First note that by construction of the processes \(\big ((\mathscr {X}(t), Z(t)): 0^< t < \theta ^+\big )\) the following identities hold:
and, hence
By simple geometric inspection we see
And therefore,
On the other hand, from the conditional Green’s function computations of Sect. 3, in particular from Lemma 3, we get
Putting (67), (68) and (69) together yields
and hence, taking expectation over \(\underline{\epsilon }\), we get (65).
6.3 Proof of (66)—preparations
Let \(\gamma \in \{2\}\cup \{5,6,\dots \}\), and \(\underline{\epsilon }=(\epsilon _j)_{1\le j\le \gamma }\in \{0,1\}^{\gamma }\) compatible with the definition of a pack, and \(3<k < \gamma \) be fixed. Given a pack \(\varpi \) with signature \(\underline{\epsilon }\) we define yet another auxiliary process \(\big ( {Z}^{(k)}(t): 0^< t <\theta ^+ \big )\) as follows:

\(\circ \) On \(0^<t\le \tau _{k1}\), \({Z}^{(k)}(t)=Y(t)\).

\(\circ \) On \(\tau _{k1}<t \le \tau _{k}\), \({Z}^{(k)}(t)\) is constructed according to the rules of the Zprocess, given in Sect. 2.4.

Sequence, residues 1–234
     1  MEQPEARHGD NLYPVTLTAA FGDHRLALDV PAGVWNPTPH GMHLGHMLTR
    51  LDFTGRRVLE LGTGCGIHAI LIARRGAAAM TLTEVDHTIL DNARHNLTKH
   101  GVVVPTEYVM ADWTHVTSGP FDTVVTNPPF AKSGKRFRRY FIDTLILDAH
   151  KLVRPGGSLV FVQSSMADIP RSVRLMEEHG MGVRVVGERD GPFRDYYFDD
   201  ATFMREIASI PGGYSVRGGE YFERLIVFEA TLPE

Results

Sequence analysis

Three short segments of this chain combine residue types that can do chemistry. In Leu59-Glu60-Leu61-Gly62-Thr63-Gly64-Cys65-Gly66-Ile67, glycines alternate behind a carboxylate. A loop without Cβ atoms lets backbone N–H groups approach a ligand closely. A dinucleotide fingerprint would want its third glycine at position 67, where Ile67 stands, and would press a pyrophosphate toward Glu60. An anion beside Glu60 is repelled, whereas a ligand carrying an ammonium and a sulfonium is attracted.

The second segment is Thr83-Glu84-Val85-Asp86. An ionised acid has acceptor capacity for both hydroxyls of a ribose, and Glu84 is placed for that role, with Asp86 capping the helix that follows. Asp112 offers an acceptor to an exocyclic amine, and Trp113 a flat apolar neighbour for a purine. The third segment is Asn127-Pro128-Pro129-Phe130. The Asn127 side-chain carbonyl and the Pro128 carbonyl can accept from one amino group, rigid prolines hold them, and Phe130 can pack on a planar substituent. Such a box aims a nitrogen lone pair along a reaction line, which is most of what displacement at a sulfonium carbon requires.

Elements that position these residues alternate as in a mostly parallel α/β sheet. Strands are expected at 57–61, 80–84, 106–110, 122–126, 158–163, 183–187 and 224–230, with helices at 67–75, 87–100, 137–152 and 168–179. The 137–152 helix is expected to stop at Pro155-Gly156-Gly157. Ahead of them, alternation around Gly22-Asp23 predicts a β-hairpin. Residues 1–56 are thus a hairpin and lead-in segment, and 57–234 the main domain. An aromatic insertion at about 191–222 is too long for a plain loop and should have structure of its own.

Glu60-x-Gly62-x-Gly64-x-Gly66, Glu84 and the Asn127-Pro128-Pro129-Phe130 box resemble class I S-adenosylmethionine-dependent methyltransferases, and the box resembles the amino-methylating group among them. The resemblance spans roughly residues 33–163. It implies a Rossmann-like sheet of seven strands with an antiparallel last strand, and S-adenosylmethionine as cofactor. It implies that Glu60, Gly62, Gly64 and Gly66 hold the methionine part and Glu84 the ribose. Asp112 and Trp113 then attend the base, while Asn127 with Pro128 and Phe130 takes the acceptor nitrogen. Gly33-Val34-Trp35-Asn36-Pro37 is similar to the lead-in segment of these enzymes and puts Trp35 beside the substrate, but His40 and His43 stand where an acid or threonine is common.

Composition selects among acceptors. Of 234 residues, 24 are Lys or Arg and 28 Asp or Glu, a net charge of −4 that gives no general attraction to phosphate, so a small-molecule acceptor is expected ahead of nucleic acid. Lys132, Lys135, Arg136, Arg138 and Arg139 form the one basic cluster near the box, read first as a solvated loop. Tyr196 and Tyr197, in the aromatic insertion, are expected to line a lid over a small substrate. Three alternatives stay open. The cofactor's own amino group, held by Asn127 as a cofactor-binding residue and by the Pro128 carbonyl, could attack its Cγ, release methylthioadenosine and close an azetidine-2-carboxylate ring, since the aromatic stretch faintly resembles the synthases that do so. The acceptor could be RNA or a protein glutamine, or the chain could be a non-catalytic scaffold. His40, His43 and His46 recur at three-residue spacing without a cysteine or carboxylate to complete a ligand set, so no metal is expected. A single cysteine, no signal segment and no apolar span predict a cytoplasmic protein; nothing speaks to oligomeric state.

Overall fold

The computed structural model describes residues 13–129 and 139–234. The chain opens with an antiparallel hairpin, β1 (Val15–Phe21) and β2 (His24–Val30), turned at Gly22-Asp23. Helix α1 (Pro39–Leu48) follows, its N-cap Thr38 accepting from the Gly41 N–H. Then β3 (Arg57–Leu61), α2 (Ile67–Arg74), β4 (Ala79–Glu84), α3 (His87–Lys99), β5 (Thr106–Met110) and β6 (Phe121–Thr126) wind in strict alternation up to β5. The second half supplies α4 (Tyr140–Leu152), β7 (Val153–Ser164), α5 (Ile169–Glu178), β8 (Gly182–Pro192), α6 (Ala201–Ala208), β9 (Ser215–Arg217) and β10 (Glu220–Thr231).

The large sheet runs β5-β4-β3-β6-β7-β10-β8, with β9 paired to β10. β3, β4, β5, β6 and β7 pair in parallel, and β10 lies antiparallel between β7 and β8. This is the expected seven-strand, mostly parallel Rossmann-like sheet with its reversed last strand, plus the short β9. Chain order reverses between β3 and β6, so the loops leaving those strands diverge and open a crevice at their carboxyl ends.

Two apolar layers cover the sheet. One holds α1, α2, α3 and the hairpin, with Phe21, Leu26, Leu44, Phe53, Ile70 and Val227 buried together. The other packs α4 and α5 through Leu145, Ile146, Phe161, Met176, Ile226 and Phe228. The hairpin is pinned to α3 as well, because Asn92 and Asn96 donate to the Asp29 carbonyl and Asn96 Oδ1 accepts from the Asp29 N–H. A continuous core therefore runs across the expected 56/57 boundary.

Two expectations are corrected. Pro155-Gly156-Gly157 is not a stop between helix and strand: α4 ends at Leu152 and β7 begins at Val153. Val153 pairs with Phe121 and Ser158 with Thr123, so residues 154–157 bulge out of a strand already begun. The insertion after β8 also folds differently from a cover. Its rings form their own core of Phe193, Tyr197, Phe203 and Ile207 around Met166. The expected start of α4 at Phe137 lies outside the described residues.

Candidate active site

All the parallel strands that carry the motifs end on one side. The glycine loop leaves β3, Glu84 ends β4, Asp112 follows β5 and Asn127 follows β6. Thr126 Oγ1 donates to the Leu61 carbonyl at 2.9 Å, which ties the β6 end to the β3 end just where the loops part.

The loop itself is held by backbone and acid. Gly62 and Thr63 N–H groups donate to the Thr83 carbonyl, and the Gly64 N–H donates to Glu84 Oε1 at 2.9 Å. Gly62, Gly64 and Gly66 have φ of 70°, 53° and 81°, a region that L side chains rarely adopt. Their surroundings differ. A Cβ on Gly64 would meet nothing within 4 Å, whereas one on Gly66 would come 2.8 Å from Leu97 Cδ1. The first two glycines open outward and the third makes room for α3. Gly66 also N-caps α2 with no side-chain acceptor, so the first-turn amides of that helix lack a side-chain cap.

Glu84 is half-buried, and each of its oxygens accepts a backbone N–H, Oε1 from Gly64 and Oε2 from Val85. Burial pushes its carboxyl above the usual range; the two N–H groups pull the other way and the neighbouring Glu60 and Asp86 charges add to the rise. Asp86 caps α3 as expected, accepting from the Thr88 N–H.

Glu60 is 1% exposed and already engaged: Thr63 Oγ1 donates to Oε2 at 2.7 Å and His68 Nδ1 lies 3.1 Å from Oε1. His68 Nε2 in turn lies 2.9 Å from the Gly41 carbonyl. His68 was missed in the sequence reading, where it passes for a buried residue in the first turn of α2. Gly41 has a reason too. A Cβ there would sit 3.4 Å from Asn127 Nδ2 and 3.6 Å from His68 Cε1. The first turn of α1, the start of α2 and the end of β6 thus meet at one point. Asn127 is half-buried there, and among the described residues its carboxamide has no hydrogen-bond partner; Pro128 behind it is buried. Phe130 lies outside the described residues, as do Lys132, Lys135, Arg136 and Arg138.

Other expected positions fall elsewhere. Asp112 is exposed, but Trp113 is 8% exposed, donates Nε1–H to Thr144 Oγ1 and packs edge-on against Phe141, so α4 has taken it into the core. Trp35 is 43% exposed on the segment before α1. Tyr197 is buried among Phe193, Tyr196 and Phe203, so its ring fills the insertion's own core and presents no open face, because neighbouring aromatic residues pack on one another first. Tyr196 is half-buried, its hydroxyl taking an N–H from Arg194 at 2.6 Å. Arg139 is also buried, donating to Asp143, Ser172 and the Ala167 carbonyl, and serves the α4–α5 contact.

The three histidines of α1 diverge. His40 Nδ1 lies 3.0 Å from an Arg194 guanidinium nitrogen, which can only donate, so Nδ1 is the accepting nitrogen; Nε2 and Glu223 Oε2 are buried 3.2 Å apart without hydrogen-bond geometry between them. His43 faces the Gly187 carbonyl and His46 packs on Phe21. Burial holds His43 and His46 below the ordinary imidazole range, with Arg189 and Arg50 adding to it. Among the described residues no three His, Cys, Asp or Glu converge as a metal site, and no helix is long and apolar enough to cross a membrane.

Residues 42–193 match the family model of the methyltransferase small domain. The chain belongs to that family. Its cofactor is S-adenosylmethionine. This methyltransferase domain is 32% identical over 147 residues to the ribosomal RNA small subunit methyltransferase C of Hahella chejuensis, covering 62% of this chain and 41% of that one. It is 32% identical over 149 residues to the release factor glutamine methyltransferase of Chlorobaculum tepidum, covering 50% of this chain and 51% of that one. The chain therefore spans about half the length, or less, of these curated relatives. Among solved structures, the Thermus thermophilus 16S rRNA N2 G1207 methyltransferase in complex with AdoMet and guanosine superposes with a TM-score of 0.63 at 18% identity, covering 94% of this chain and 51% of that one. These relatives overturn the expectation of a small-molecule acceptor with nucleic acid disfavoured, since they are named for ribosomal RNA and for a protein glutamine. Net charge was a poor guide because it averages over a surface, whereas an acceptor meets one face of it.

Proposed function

\(\circ \) On \(\tau _{k}<t<\theta ^+\), \({Z}^{(k)}(t)={Z}^{(k)}(\tau _k)+ Y(t)Y(\tau _k)\).
Note that on the event \(\{\eta _j = \delta _{j,k}: 1\le j\le \gamma \}\) we have \({Z}^{(k)}(t)\equiv Z(t)\), \(0^< t<\theta ^+\).
We will show that
and hence
Then, taking expectation over \(\underline{\epsilon }\) we get (66).
In order to prove (70) first write
and note that the three parts
are independent—even if the events \(\{\widehat{\eta }_k = 1\}\), respectively, \(\{\widetilde{\eta }_k = 1\}\cap \{\widehat{\eta }_k = 0\}\) are specified.
From the construction of the processes \(\big ((\mathscr {X}(t), Z^{(k)}(t)): 0^{}< t < \theta ^{+} \big )\) it follows that if \(\big (Z^{(k)}(t): 0^{}< t < \theta ^{+}\big )\) is mechanically rconsistent then \(\big (\mathscr {X}(t) \equiv Z^{(k)}(t): 0^{}< t < \theta ^{+} \big )\).
Denote by \(A^{(k)}_{a,a}\), \(1\le a\le 3\), the event that the ath part of the decomposition (71) is mechanically rinconsistent, and by \(A_{a,b}=A_{b,a}\), \(1\le a,b \le 3\), \(a\not =b\), the event that the ath and bth parts of the decomposition (71) are mechanically rincompatible—in the sense of the definitions (22) and (23) in Sect. 2.3. In order to prove (70) we will have to prove appropriate upper bounds on the conditional probabilities
These are altogether 12 bounds. However, some of them are formally very similar.